Thursday, February 5, 2015

Understanding Aperture and Depth of Field

I totally have a crush on aperture. What's not to love? By choosing certain apertures you can be all kinds of creative with your photos. You can make your subject stand out with some background blur, frame your subjects with foreground blur and of course there's that dreamy bokeh. Most of the time I shoot in f/2.8 or bigger apertures (wide open.) I also love to shoot mid-range apertures to get more of my subject in focus. So what aperture will you choose?

It depends on the look you want in your photograph.

When I started learning photography, my goal was to shoot weddings and engagements. I didn't know much but one thing was for sure: pro photogs were gurus at making their subjects stand out. Yep, I'm talking about those gorgeous soft backgrounds... blurs of color and seamless backdrops.

So what's the trick to creating that look on purpose? Lenses with big apertures. As a reminder, beginner kit lenses normally only open up to f/3.5 or f/4.5 and even when that happens those apertures are only available at certain focal lengths. Why is it like that? Zoom lenses that have bigger apertures available at all focal lengths are really expensive.

But no worries! Even if you only have a kit lens you can still capture background blur and bokeh. That's because the further away your subject is from the background, the more intense the shallow depth of field will be. Granted, you'll have to have your subject stand in front of that pretty wall (or lights) at least 10 feet or more away - but the further away your subject is, the more blur there will be. Yes, even shooting in bigger apertures like f/4.5.

What is depth of field? It is how much of the image is in focus.

Anyway, this is why 99% of the time when beginner photographers learn about aperture they want to add a new lens to their kit. The most popular option? An affordable 50mm f/1.8 prime lens. A lens like that opens up to a whopping f/1.8 aperture. With a lens like that you get tons of opportunity to capture creamy backgrounds and bokeh. You'll also be able to shoot in lower light situations without flash often.

The only downside to shooting wide open?  It's really easy to miss your point of focus but with lots of practice you'll get better at hitting focus.

Wide open apertures like f/2.8 are great for capturing stunning detail photos. If you have a blog, Etsy shop, etc. then shooting in f/2.8 or f/2 is going to be something you'll want to try out. Big apertures really make product shots pop.

It's true that most of the time I shoot in wide open apertures (I have a tendency to stay around f/2.8 - f/2) but sometimes I just need to get more of my subject in focus and a wide open aperture won't work. This is when I'll stop the lens down (make the hole smaller.) Smaller apertures = greater depth of field.

Anytime I'm out shooting new places / architecture I like to use smaller or mid-range apertures.  Apertures f/3.5, f/4.5, f/5.6 are still considered to be big apertures but they have more depth of field than shooting wide open. Apertures f/7, f/10, f/11 are the true mid-range apertures.

Then of course there are the very small apertures. We're talking f/16, f/22, f/32 and I rarely use those.  Those are ideal when you're wanting to capture the details of some grand big picture - like the view from the top of the Royal Gorge Bridge - looking down into the canyon below.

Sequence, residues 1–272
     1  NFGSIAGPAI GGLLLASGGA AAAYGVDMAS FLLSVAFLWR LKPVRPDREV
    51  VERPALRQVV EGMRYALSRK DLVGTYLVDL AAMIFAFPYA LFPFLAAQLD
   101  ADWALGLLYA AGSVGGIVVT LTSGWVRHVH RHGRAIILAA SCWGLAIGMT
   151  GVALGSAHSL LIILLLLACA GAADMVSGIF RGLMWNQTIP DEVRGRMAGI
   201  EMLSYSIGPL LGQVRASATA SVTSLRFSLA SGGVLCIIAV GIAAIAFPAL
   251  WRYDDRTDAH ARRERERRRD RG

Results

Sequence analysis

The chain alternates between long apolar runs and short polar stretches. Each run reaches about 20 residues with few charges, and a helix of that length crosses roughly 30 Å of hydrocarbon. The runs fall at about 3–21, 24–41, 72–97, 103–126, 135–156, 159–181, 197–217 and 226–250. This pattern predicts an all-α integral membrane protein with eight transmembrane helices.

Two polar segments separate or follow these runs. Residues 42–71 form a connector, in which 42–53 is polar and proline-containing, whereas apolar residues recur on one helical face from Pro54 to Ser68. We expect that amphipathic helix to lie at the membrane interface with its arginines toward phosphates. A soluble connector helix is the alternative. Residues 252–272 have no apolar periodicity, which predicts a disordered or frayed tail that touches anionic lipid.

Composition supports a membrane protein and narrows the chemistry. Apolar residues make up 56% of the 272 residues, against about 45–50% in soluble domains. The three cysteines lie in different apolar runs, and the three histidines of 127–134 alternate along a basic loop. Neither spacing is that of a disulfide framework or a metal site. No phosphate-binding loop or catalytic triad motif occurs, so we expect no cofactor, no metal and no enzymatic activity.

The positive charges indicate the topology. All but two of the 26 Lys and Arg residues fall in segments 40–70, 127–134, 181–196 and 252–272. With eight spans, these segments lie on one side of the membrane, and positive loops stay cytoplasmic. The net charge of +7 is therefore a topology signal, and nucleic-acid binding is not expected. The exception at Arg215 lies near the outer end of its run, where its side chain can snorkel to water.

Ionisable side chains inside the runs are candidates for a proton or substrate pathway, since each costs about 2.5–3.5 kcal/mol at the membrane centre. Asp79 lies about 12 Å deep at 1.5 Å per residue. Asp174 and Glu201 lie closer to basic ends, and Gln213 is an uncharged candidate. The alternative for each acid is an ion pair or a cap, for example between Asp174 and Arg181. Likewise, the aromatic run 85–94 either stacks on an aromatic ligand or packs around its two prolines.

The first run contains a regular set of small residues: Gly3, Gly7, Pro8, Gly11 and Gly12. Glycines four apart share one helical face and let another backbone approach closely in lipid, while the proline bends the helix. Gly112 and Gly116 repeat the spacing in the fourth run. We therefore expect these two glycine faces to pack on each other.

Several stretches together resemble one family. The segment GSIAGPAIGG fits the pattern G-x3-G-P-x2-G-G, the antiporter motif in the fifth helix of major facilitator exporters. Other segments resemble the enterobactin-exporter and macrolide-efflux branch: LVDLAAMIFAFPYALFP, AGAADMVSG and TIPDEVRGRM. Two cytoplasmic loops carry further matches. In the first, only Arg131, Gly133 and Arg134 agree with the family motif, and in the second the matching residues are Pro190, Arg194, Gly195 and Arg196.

For this view from our cruise ship (above) I actually used f/2.8 - mainly because I didn't want a lot of grain in my photo (from a high ISO) and I wanted to make the most out of the lingering natural light at sunset. This just goes to show that you don't always have to shoot in smaller apertures to get a beautiful landscape shot.  It will just always depend on what you want and what you're willing to compromise when capturing a certain image.

While on-location in Vail, Colorado I shot this image of Aspen trees in late spring around Sylvan Lake. I really wanted more of the trees and texture in focus so I chose a smaller aperture.

If you want to use a very small aperture to shoot big pictures you need to set your aperture and adjust your other settings accordingly. Then pick your point of focus on something about 3-4 feet away from you. When you take the shot the details from front to middle to back will all be in good focus (if you're using a fast enough shutter speed.)

Sometimes the subject you'll want to shoot won't have a lot of depth (front to back) in the first place.  In that case you can get away with bigger apertures, though it's generally better to use a mid-range aperture.

This image of business cards I collected at a social event was shot with a fairly small aperture. Why? I was using a macro lens and anytime you shoot in a macro situation the shallow depth of field is intensified even more. The closer you are to your subject the more background blur you'll get as well.

So if you're shooting in macro and you're just not getting the depth of field and detail that you want, chances are you need to shoot with a much smaller aperture.  The aperture f/4.5 is going to produce a background blur like f/2.8 when shooting in macro. The above image (of cards) was shot at an aperture f/7 with a macro lens.

The next photo was shot in macro. Notice how only the rings are in focus and the focus drops off really quickly past that? I can't remember but I was shooting either aperture f/11 or f/14. When I first started doing ring shots I would get upset because I couldn't get more of the actual ring in focus. I eventually learned that to get more focus in a macro shots, I had to use an even smaller aperture.

Well I hope this post about aperture and depth of field was helpful. Remember that your choice of aperture determines your depth of field in a photo. As always what settings you choose depends on what you want in the photo. It's always your call to get the shot you want.

No comments:

Post a Comment